Senior lawmakers in both political parties predicted an end to a standoff on the U.S. fiscal cliff that threatens to yield $607 billion in tax increases and automatic spending cuts in January, while saying the details of a debt-cutting deal may come later.
Senate Budget Committee Chairman Kent Conrad, a North Dakota Democrat, said he thinks lawmakers can reach a “framework agreement” directing tax and spending panels in Congress to craft a broad deal next year that cuts soaring budget deficits. At the same time, he said, they could agree now to a smaller package of spending cuts and some tax-code changes before the year is over.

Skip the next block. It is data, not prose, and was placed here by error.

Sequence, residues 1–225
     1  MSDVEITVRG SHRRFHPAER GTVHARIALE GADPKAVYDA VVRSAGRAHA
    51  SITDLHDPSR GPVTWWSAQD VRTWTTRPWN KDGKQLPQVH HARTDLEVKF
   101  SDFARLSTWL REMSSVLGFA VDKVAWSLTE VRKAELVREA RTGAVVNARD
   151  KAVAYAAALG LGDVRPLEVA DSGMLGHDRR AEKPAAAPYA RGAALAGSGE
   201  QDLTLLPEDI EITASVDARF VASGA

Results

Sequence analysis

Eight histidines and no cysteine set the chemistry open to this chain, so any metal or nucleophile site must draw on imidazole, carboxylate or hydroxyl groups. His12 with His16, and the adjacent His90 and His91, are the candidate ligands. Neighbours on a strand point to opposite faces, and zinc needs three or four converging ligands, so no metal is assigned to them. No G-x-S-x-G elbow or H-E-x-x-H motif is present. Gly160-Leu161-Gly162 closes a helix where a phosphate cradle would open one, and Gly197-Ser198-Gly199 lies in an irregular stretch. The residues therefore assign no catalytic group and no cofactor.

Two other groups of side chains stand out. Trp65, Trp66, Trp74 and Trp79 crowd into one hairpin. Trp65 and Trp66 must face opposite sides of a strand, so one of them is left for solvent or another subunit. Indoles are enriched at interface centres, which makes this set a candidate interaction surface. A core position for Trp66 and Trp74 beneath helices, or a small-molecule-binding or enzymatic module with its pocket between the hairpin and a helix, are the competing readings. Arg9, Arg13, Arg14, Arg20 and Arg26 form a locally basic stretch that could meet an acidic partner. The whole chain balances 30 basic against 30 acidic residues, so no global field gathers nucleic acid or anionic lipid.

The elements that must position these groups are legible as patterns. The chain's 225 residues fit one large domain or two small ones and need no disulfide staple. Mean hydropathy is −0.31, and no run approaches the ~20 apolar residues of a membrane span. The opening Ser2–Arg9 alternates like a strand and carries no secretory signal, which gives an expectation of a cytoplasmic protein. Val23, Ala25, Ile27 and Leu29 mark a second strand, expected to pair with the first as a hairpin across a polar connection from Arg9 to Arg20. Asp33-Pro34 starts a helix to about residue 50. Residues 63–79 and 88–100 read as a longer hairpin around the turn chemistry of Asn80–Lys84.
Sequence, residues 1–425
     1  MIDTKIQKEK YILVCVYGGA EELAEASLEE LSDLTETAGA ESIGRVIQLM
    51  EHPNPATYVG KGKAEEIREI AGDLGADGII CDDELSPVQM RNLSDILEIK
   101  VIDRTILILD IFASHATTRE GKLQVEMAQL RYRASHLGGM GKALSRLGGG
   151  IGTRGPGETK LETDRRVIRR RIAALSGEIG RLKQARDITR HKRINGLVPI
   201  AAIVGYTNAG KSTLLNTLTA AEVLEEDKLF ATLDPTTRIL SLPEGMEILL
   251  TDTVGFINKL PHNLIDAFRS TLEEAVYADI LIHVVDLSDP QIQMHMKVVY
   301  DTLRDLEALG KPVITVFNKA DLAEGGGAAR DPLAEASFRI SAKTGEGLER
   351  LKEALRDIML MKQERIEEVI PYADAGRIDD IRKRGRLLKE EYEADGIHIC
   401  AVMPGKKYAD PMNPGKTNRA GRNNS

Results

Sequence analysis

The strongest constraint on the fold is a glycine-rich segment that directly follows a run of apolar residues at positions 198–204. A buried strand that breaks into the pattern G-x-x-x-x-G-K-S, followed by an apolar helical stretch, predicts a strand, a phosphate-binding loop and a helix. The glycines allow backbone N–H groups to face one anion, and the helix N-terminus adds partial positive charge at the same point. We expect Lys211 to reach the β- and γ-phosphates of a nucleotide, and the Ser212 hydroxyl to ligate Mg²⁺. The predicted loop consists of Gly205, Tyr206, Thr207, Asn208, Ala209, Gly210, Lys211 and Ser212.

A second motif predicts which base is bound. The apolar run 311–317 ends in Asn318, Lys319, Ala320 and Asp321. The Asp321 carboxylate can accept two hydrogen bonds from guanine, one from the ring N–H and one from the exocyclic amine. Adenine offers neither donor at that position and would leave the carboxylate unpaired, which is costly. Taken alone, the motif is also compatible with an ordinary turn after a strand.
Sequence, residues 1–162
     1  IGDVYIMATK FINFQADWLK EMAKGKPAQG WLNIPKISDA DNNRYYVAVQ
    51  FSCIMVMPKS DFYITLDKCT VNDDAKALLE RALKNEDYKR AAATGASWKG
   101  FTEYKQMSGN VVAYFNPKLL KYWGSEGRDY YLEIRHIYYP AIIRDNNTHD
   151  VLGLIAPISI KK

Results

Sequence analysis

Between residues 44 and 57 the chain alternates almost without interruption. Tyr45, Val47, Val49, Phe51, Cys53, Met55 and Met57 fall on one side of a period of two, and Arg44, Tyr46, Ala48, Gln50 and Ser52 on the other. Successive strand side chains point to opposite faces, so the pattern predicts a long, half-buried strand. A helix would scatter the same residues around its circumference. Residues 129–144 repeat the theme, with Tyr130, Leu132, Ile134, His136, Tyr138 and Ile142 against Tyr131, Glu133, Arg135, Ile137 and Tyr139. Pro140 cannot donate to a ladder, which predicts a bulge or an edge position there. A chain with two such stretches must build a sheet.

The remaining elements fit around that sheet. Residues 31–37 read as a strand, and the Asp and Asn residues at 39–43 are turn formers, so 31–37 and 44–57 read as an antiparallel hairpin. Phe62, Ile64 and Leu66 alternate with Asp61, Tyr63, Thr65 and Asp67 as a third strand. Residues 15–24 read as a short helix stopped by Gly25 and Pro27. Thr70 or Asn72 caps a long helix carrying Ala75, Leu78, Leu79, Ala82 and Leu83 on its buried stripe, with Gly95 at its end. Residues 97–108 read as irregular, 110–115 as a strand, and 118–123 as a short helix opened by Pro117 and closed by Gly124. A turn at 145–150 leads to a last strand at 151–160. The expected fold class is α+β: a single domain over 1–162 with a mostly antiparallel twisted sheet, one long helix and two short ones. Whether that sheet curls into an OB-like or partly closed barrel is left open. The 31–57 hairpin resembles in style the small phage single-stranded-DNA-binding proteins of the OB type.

Obama, claiming a mandate from voters after his Nov. 6 re-election, called for an immediate tax-cut extension for people earning less than $250,000 and insisted that top earners pay more. Boehner cited public support for the re-elected House Republican majority and said tax rates must not go up. They will meet at the White House Nov. 16, along with other top congressional leaders in both parties.
Democratic Senator Patty Murray said Republicans should accept some tax increases, and that Obama has a mandate to make the tax-code changes he advocates. She also reiterated earlier threats to let the nation go off the fiscal cliff if Republicans won’t budge.